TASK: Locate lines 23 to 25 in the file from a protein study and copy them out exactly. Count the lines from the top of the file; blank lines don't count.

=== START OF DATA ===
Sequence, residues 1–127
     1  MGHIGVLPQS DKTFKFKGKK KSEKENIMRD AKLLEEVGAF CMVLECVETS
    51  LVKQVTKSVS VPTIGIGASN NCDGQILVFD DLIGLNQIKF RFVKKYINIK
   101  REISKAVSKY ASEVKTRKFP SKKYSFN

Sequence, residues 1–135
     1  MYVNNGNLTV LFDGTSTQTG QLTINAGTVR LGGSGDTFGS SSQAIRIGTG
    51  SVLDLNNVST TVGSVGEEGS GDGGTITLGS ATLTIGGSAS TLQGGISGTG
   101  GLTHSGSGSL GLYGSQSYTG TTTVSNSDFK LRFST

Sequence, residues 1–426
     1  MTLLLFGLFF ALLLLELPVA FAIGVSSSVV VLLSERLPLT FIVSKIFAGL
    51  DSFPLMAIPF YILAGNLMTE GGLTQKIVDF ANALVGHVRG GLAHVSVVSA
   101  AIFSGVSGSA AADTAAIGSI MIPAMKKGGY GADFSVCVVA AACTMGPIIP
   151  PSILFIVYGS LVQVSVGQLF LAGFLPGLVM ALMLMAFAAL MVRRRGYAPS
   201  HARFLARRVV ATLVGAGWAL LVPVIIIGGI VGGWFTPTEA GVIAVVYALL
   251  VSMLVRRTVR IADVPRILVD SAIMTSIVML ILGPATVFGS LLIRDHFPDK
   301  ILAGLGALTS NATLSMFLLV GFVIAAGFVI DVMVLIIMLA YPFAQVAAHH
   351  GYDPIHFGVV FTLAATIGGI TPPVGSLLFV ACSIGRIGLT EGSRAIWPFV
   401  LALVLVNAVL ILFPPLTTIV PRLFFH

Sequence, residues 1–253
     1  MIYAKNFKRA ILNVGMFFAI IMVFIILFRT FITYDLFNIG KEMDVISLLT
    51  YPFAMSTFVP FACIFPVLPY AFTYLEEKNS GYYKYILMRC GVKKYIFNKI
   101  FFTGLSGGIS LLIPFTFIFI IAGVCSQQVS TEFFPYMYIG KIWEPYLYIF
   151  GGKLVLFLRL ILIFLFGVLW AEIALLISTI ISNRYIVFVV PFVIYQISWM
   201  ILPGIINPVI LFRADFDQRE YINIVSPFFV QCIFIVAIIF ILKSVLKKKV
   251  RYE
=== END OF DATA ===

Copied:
   151  GGKLVLFLRL ILIFLFGVLW AEIALLISTI ISNRYIVFVV PFVIYQISWM
   201  ILPGIINPVI LFRADFDQRE YINIVSPFFV QCIFIVAIIF ILKSVLKKKV
   251  RYE